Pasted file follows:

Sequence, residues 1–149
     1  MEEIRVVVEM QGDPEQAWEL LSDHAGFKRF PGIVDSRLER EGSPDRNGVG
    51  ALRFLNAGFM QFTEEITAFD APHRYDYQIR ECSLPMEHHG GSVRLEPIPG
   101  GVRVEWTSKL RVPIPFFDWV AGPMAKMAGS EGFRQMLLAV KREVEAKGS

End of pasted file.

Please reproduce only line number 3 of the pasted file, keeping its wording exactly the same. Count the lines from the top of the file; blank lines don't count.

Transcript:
    51  ALRFLNAGFM QFTEEITAFD APHRYDYQIR ECSLPMEHHG GSVRLEPIPG